KWKH was a radio studio, also the only recording studio in Shreveport. Its studio was built as a room within a room : about two ft. away from the outside walls of the building, another wall was constructed stuffed with fiberglass. The only windows faced the annoncer’s booth and an area in front of the studio where the coffee machine and several chairs and tables were situated. The dimensions of the studio were approximately 25×30 ft. with a 12-foot ceiling, which was similar to the Dallas’ Jim Beck’s studio facility. Nevertheless, engineer Bob Sully excelled in being able to make the most out of what was available. For instance, he discovered that an echo effect was possible through feeding the output back into the board. Which he did, with Jimmy Lee & Wayne Walker « Love Me ».
Mathis teamed early in 1955 with a Dallas club owner, Les Chambers, who put on several singles on Starday by himself. The pair issued two nice fast Hillbilly boppers : « Everybody Else Does (Why Can’t I ») (Starday 181), as an answer to « If You Don’t, Somebody Else Will », and « Give Me A Little More » (Starday 206).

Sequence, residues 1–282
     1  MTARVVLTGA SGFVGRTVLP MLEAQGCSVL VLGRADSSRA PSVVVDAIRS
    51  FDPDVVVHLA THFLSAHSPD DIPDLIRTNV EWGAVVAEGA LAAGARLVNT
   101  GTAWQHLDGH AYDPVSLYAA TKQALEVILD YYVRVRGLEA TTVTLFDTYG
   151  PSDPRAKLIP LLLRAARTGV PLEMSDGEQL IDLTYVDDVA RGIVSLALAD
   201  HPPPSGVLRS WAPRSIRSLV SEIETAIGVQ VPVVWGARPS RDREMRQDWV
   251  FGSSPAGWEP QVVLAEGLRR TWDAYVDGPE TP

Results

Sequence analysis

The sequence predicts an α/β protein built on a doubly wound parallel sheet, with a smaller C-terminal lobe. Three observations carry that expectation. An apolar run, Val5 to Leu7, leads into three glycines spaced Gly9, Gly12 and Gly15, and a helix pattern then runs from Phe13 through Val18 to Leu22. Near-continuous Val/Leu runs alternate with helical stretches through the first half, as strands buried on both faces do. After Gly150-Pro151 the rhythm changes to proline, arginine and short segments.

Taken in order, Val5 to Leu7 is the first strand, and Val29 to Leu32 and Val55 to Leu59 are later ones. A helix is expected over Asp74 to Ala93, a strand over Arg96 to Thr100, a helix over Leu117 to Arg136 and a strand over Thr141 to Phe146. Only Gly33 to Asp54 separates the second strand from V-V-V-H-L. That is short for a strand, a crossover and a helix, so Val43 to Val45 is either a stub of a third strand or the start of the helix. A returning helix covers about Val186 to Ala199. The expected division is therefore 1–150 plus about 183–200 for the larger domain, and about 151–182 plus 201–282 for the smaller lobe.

Chambers soon disappeared, recording-wise, while Johnny Mathis switched naturally under the protection of Starday, when this label and Mercury went to a common venture early in 1957. There he had «One Life » (# 71273), as several tracks on various artists albums, e.g. « Hillbilly Hit Parade ». He even cut uncredited for the
low-budget Dixie label a nice version of the, I believe he was
the originator, Porter Wagoner song « I Thought I Heard You Call My Name » (# 526). Later in 1958, he recorded Rockabilly on ‘D’ as Les Cole and the Echoes (« Bee Boppin’ Daddy /Rock-A-Bye-Baby», # 1010). He and Fautheree were reunited in the late fifties for a couple of releases on ‘D’, (“My Little Baby” , # 1089 ) and one for the Los Angeles Republic label (« Knock On Wood », # 2014), in 1961 before finally dissolving the act, and once again each one going their own way.
During the 1960s, Jimmy Lee recorded for the Paula label in Shreveport : a more modern version of « Can’t Find The Door Nob » (sic, # 239) (1966) and one very tough, fine guitar-led instrumental: “Box Full Of ‘Git’” Next year, he cut the nice, loud rocker “Overdue ” (also on Paula 279), then on the Lodema label, more instro with “Project X-9” and the awesome country bopper “Laziest Man In The World” (Lodema # LR 101, 1983).